That anti-patent pamphlet I mentioned
s_fsfeurope at nedprod.com
Tue Dec 17 23:04:55 UTC 2002
On 15 Dec 2002 at 14:16, Arnoud Galactus Engelfriet wrote:
> > The acid test in my view of whether a patent should apply is if
> > there is a striking resemblence.
> I agree. That's where the claims come in: they define the
> invention, and if your device matches the claims, it infringes.
> If it does not match the claims, it does not infringe (ignoring
> provisions on "equivalence" for a second).
I think my definition of "striking" is quite different to that of
patent law. Mine is much more narrow.
> > So for example, if Dyson patented his
> > vortex vacumn cleaner then nothing should prohibit anyone else using
> > a vortex in their vacumn cleaner so long as it's substantially
> > different from the way he employed his vortex.
> That's correct, *BUT* you have to take a look at the claims to
> see in which way he used his vortex. It does not matter which
> variation he sells.
> If the claim says "characterized by means for producing a vortex
> in a chamber connected to the vacuum cleaner hose", then any
> vortex-based cleaner would infringe. Do you agree with this
No, that is too general a patent in my view. Dyson could hold a
patent for using a vortex in a space L x W x H for removing X grammes
of dirt per metre cubed a second. That's fine with me and anyone
producing a device performing similarly should infringe the patent.
If however a competitor produces a similar vortex-based product which
extracts twice as much dirt with the same sized vortex, he should
*not* infringe the patent.
That's for hardware though. Software isn't hardware, so different
> > I know this isn't the
> > case in reality, but it should be given the founding principles of
> > the patent system.
> You should not confuse particular embodiments as sold by the
> inventor with what the actual invention is. In Dyson's case,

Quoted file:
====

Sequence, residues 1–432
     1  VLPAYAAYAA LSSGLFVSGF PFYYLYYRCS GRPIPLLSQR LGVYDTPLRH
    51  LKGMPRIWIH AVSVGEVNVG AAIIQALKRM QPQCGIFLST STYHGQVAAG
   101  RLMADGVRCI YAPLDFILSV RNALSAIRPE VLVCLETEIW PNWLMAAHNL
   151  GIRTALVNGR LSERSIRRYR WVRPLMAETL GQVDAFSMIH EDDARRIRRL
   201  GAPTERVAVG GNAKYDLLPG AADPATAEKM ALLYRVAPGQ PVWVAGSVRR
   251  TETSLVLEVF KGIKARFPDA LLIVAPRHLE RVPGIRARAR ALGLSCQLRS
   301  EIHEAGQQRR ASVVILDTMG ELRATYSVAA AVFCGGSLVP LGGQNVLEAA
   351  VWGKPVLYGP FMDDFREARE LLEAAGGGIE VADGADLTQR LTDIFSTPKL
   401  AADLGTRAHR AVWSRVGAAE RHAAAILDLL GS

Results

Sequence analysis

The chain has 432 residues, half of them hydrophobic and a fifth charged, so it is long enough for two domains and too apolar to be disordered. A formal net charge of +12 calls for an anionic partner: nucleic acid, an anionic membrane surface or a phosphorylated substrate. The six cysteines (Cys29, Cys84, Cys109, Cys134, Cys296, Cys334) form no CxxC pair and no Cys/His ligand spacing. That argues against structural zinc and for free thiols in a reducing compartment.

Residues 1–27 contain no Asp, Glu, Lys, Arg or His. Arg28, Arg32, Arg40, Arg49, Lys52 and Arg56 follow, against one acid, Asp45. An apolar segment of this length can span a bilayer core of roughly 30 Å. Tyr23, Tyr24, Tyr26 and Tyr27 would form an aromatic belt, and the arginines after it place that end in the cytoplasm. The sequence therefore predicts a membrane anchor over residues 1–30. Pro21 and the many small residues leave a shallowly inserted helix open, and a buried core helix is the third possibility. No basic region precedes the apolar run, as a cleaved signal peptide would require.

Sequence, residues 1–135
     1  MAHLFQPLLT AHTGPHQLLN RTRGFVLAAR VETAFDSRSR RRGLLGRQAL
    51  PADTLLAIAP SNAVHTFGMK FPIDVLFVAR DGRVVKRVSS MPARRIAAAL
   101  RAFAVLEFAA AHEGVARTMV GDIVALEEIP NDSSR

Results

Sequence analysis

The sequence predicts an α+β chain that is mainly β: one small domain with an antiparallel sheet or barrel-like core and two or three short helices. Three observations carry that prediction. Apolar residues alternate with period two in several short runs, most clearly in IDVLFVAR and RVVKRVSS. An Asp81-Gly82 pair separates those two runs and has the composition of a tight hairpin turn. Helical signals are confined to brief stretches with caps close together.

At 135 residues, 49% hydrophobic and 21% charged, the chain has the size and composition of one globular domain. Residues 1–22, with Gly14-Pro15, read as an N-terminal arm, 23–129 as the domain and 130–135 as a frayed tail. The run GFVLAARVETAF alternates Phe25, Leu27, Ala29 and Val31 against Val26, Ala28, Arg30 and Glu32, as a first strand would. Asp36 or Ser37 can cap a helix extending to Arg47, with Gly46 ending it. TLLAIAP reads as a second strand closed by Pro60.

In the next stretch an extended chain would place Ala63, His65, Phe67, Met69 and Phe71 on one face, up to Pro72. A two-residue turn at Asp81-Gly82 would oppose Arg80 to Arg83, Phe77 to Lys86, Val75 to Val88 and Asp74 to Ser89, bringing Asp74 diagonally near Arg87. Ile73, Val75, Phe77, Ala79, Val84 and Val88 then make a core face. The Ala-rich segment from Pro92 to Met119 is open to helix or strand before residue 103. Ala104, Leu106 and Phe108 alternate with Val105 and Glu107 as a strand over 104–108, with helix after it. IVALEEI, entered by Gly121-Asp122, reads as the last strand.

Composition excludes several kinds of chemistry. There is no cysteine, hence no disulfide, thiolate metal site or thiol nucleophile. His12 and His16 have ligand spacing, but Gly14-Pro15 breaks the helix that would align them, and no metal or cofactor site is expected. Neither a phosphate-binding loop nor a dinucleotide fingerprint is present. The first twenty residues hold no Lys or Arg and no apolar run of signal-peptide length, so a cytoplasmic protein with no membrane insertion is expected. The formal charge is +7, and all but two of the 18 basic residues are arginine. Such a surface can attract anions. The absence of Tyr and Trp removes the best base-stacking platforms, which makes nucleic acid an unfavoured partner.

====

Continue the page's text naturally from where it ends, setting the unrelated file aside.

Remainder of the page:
> as I understand it the invention *is* that you should create
> a vortex to suck up dirt. So he should get a patent on that
> invention, because that is his contribution to society: "Hey
> people, you should cause a vortex in your cleaners, it sucks
> much better that way!"
My major problem with the patent system as a whole is it gives too
much to the patent owner with not enough benefits to society. If they
narrowed down what was patentable like above, there would be little
damaging the patent owner so long as they held the best product.
> > > This is actually exactly what happens when somebody comes up with
> > > a new hardware widget. In the early 1900s, the German company
> > > Singer had the patent on the sewing machine. Before that, there
> > > were several patents supposedly covering the steam engine, and
> > > development of steam-based engines didn't take off until the
> > > courts determined which one was the steam engine patent. In 1907
> > > an American invented the supermarket and patented it. The
> > > transistor, in all its shapes and forms was patented, and nobody
> > > could use a transistor without paying royalties to Bell. There is
> > > still a big fight going on about who owns the patent to the
> > > semiconductor.